DINNER WITH FRIENDS – Reviewed by Stephen Radosh

CVREP is opening the first full season in their new home with a production of Donald Margulies’s Pulitzer Prize winning play DINNER WITH FRIENDS. It’s a play that asks many questions most of which every person in the audience has asked at least once in their adult lives; questions such as “Is everything we build up, including friendships, destined to collapse under its own weight?” and the infamous “Whose side are you on?” All the questioning is triggered when one of two couples decides to get a divorce after 12 seemingly happy years of marriage.

Gabe (Scott Golden) and Karen (Jennifer Sorenson) find out when they invite Beth (Corryn Cummins) and Tom (Christopher Wallinger) for dinner in their upscale Connecticut home. Beth has arrived sans Tom. After the meal while engaged in some rather yuppified and all together pretentious descriptions of a trip to Italy and the virtues of the food there, Beth interrupts like an exploding volcano with the announcement of the end to her marriage. Gabe who had been doing much of the endless jabbering before Beth’s announcement is shocked into near silence. When Beth tells him that Tom had said “If I stay married to you, it will kill me” he is clearly baffled. Having known Tom since college, it is instantly clear that he didn’t really know his friend as well as he thought he did and it throws him for a loop. Seeing her husband’s reaction, Karen tries to assure Beth that Tom is having a typical mid-life crisis and it will all work out. But it is clear to all that nothing will ever be the same.

How our lives change course and the fallout that occurs from that change is also a major theme of the play. No matter how hard we want something and how we think our lives will unfold, it rarely does. It’s how we deal with the surprises life throws at us that determines our character and defines who we are. DINNER WITH FRIENDS is not the first play to deal with these themes but the playwright’s style of writing is such that they seem fresh, new and relevant. The play unfolds in a non-linear style so that some of the scenes are illuminated by showing earlier events in the timeline after the event itself. So we see how Tom and Beth met after we hear about the divorce. Seeing their awkward beginning allows us to see some of the differences between them which could easily become greater over time thus leading to divorce.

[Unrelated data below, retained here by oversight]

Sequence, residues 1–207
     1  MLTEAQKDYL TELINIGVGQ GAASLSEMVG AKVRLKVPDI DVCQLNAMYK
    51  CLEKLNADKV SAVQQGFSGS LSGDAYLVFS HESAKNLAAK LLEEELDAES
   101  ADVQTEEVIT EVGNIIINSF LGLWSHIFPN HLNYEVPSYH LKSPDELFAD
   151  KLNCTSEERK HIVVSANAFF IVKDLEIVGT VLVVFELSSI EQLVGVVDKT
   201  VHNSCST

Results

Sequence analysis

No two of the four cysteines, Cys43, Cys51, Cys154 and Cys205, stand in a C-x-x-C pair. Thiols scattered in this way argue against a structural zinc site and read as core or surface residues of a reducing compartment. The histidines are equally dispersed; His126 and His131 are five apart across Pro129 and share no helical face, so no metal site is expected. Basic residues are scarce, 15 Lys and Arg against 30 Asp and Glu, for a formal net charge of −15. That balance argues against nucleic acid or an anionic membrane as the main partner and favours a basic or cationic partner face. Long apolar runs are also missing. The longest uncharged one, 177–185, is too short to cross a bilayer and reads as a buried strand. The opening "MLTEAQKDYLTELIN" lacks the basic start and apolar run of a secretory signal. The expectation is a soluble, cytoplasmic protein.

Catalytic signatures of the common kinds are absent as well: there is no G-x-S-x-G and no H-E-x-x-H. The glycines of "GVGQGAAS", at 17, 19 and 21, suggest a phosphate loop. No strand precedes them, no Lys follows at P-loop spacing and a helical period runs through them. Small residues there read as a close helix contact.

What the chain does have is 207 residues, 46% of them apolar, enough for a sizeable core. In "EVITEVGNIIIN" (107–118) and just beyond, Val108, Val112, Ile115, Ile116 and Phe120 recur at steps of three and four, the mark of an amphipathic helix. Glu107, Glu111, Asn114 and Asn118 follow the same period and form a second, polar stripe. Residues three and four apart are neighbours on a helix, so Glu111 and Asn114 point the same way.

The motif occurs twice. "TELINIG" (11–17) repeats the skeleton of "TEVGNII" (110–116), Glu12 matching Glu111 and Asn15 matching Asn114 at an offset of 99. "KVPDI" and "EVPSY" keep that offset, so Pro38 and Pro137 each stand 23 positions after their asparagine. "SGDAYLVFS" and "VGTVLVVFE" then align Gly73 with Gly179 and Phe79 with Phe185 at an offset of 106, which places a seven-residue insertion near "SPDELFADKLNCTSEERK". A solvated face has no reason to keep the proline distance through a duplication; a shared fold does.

I have to admit that I found all 4 characters somewhat unpleasant. They are pretentious, self-centered and at times even whiny. But they still are going through a situation which none of them could have envisioned happening. The unique way in which each faces the new reality of his or her life does a great deal towards making them people with whom we can identify.

Under Darin Anthony’s direction, all 4 actors convey the personal anxiety each is going through as the path in front of them takes a major and unexpected turn. Mr. Wallinger’s Tom is trying to hold onto some of his youthful energy and enthusiasm for life at all costs including the end of his 12 year marriage. Through Corryn Cummins’ performance, Beth is given the residual air of a one-time free spirit who expressed herself through art, now trying to hold onto some of what she was with the realities and responsibilities of who she has become. Jennifer Sorenson allows both the controlling and the softer side of Karen to shine through. When Beth tells her that she is thinking of getting remarried to a man she has known for only a short time, Karen gives her feedback which in fact seems more judgmental that advisory. Though she thinks she is only helping with good advice when called on it by Beth, Ms. Cummins’ face shows the deep hurt she feels when her ‘perfect advice’ is rejected. She walks a wonderfully subtle line between the egotistical part of her make-up and the woman who is willing to listen to others and possibly even change her own point of view. Rounding out the quartet of actors is Scott Golden who makes Gabe the most nuanced and approachable character despite his totally over-the-top pretentiousness and his ‘I know better than you’ attitude. Mr. Golden makes it clear that the entire foundation upon which his friendship with Tom is based has just cracked and left him confused, shocked and more than a little bit confused.

DINNER WITH FRIENDS is playing through November 24, 2019 at CVREP’s new home at the Imax Theatre in Cathedral City. For further information or tickets go to www.CVREP.org

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